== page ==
Early exploration of South Australia’s northern arid lands in the late 1830s and early 1940s was followed closely by pastoral occupation. The early settlers were unaware of two things – the capacity of the country to carry stock at sustainable levels, and the impact of the dingo on their sheep flocks.
The impact of the dingo on sheep flocks was felt almost immediately, and got worse as shepherds were replaced by wire fencing. Sheep graziers began constructing dog-proof netting fences around their properties to protect flocks from dingoes and wild dogs. As time went on, neighbouring properties grouped together to become enclosed within ‘dingo-proof cells’.
The first Vermin Districts Act was passed in 1894, with amending legislation passed three times prior to 1931. By 1931 the Act defined vermin to include rabbits, foxes and wild dogs, and aimed to establish Vermin-Fenced Districts in areas of the State not under the jurisdiction of local government. At its peak, Vermin-Fenced Districts included more than 48,000 kilometres of fencing.
The enthusiasm for the Vermin-Fenced Districts started to wane in the 1930s, largely driven by the inner (southern) districts where wild dogs had not been seen for some years. The first Districts began closing in 1932. In 1936, a meeting of stockowners was called to discuss the abandonment of Vermin-Fenced Districts and a possible reliance on a single fence. The Second World War then made it very difficult to get the materials and the labour to maintain the network of vermin-proof fences.
In 1945–46, the Pastoral Board and Stockowner’s Association looked at the remaining vermin-proof fences in the norther pastoral districts. It was apparent that there existed an almost continuous ‘fence’ from the far west coast of South Australia to the east coast of New South Wales. The condition of the fence varied dramatically and so recommendations were made to the Government that future efforts and resources be concentrated on this ‘outside’ fence and that the remaining ‘inside’ Vermin-Fenced Districts would be disbanded.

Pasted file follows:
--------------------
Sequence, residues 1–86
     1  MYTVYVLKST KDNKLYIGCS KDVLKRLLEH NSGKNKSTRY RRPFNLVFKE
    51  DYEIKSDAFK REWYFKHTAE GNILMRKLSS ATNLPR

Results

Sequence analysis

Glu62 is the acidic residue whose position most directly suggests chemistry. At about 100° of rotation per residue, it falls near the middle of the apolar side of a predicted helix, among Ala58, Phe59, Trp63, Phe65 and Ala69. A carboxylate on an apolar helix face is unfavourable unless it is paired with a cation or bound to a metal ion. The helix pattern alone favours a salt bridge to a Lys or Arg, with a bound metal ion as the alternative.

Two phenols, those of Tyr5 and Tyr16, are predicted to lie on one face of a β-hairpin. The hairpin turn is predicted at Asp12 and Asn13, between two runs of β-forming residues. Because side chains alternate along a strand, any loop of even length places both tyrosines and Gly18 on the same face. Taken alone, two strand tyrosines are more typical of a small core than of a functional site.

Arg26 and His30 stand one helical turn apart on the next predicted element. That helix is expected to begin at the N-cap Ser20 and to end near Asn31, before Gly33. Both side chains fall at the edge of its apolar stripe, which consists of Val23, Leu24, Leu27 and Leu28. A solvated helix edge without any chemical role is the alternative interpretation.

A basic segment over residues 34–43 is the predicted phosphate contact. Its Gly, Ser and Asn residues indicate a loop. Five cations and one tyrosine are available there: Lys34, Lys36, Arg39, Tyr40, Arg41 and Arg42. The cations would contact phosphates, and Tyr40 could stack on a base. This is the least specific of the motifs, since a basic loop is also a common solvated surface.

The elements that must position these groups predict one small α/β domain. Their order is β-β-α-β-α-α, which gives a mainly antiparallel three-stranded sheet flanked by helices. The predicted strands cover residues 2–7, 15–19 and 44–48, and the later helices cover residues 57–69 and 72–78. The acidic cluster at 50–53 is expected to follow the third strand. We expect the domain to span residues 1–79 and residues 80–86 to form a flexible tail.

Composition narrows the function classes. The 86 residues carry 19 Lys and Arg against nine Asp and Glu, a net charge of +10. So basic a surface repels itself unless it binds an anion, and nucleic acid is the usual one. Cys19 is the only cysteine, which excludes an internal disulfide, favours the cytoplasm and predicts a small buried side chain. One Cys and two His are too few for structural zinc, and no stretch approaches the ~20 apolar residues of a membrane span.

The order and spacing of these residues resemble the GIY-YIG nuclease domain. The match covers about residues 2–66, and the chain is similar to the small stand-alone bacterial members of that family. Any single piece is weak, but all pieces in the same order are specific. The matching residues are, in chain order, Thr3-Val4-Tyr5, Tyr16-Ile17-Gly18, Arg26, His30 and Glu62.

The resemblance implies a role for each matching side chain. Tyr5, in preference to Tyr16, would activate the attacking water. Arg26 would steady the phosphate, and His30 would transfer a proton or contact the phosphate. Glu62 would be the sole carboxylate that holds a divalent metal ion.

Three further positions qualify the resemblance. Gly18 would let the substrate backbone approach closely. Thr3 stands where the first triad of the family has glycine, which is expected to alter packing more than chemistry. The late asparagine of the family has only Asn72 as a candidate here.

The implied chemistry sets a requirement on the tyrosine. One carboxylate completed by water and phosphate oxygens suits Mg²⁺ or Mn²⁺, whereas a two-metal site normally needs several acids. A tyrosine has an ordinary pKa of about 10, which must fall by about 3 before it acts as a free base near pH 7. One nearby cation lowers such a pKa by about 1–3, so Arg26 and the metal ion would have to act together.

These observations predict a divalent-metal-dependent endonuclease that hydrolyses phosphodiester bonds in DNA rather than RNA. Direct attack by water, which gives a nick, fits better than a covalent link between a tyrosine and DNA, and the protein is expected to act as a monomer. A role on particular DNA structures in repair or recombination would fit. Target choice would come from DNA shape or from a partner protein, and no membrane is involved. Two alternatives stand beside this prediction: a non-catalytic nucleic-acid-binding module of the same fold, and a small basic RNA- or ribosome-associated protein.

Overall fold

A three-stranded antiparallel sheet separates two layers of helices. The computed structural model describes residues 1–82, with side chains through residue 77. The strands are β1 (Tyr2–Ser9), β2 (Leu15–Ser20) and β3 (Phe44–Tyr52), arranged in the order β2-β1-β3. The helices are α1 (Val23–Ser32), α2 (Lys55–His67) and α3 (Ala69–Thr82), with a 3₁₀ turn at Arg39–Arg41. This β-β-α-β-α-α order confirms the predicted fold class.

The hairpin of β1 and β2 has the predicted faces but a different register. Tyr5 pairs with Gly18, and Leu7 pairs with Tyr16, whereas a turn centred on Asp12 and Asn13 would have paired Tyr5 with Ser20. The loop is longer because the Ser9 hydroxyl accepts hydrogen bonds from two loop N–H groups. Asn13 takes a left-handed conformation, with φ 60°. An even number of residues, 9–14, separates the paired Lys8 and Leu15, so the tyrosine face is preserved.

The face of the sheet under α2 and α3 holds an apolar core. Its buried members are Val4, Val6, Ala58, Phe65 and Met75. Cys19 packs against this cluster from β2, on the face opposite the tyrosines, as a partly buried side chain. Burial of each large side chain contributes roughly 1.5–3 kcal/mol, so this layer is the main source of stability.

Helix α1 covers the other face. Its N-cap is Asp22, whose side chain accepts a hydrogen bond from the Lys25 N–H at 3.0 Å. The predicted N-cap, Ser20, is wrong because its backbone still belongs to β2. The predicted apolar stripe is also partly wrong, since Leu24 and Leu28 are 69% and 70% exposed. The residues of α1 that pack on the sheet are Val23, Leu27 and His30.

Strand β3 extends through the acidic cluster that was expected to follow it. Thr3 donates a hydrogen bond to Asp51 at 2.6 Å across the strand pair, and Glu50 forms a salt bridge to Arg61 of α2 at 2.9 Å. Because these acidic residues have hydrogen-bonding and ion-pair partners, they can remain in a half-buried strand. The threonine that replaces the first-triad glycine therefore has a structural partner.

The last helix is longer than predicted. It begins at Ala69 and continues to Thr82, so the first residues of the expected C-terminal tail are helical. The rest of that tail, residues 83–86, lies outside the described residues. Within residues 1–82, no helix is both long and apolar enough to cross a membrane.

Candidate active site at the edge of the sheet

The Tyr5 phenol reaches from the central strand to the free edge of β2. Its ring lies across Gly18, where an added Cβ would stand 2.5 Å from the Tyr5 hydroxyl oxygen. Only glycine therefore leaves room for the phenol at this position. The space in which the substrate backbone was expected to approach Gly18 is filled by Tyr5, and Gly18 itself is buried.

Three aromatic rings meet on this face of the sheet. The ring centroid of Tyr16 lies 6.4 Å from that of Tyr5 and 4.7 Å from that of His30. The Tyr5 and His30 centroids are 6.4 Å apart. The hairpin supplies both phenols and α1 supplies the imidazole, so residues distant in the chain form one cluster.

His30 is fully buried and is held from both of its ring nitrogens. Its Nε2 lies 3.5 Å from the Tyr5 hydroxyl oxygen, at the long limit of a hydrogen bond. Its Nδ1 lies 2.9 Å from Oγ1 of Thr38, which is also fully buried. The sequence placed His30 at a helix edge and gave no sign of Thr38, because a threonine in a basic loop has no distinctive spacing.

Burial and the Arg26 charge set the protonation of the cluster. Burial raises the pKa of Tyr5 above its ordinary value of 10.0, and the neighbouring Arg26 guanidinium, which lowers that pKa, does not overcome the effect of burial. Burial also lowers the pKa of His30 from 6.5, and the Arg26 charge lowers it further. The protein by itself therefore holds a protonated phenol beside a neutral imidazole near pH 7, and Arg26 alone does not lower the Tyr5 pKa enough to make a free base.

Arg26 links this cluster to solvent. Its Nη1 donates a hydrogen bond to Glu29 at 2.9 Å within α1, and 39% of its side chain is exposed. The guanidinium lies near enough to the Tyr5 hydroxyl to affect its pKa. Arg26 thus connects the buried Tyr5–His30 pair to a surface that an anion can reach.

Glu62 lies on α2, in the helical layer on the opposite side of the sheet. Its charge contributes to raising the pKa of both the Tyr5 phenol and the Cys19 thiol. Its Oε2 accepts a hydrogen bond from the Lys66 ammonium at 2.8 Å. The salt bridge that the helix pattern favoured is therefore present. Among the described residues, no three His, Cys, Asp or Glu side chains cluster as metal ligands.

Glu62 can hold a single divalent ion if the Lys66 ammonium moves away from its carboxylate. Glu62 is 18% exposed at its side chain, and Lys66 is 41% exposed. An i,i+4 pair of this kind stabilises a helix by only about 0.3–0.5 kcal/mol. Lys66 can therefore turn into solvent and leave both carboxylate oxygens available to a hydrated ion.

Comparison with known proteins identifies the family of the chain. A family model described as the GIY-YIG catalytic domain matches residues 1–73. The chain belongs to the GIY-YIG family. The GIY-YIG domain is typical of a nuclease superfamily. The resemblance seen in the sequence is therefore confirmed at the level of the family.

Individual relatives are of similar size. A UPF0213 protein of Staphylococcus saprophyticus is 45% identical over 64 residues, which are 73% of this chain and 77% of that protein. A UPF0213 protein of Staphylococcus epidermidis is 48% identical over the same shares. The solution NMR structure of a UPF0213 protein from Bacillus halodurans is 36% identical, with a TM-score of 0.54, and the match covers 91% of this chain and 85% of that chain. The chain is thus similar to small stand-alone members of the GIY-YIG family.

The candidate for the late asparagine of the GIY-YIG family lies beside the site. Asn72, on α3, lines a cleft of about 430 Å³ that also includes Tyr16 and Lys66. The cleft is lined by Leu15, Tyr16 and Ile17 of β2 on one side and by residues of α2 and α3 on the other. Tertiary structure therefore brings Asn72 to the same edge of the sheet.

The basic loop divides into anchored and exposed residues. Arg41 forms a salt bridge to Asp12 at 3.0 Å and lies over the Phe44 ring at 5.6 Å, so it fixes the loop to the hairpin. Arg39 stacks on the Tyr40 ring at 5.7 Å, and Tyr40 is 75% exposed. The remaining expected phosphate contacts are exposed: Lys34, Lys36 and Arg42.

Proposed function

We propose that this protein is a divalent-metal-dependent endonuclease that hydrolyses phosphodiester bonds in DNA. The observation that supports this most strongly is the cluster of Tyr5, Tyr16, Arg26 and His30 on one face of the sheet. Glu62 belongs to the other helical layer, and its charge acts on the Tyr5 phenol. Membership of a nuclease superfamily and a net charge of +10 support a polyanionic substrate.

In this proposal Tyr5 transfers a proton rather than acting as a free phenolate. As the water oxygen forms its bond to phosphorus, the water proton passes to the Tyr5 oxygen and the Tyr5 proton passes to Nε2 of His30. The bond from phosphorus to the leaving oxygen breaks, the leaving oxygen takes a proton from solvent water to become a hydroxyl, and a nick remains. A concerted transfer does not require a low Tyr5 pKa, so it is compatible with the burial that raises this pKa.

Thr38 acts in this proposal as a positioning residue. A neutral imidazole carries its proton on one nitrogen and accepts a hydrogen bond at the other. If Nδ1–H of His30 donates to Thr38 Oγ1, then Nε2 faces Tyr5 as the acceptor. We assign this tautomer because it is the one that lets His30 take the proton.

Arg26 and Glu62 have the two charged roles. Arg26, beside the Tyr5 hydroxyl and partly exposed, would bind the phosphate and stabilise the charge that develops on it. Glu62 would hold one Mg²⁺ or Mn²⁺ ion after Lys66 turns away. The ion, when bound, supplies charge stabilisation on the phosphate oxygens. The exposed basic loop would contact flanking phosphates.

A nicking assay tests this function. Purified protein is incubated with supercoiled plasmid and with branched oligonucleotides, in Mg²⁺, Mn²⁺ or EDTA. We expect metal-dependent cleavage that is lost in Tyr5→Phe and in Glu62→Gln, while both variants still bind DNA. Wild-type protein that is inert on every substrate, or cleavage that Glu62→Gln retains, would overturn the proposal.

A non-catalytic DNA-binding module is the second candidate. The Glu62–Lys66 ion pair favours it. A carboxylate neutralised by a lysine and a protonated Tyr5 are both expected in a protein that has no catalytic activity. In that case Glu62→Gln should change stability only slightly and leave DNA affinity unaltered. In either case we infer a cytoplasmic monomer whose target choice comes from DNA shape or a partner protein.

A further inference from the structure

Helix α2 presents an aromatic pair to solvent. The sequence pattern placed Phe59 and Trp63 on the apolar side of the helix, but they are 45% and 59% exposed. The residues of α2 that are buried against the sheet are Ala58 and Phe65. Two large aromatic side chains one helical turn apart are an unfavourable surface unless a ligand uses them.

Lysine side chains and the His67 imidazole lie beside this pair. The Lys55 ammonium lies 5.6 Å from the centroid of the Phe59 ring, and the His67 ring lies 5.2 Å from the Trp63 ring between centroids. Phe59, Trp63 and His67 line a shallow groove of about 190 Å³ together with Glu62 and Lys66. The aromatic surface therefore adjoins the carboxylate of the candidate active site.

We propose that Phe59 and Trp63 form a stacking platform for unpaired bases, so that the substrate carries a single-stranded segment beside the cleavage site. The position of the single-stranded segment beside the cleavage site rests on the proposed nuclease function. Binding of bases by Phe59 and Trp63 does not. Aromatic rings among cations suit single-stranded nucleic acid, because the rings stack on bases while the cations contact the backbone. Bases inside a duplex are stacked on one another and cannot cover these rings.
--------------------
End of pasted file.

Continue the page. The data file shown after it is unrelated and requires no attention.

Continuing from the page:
In 1946, a Dog Fence Act was drafted and approved on 19 December; it came into operation on 17 June 1947. The legislation provided that a dog-proof fence was to be established and maintained in the northern areas of South Australia ‘for the purpose of preventing the entry of wild dogs into the pastoral and agricultural areas of the State’. It did not delineate or describe the fence, but gave the Governor the power to proclaim the site of the Dog Fence on the advice of the Dog Fence Board. The re-alignment of the fence was not completed until 1960.
For a detailed history of the Dog Fence, read Yelland, L., 2012, Holding the Line: A history of the South Australian Dog Fence Board 1947–2012 (2nd Ed.), Primary Industries and Regions South Australia, ISBN 9781921399374.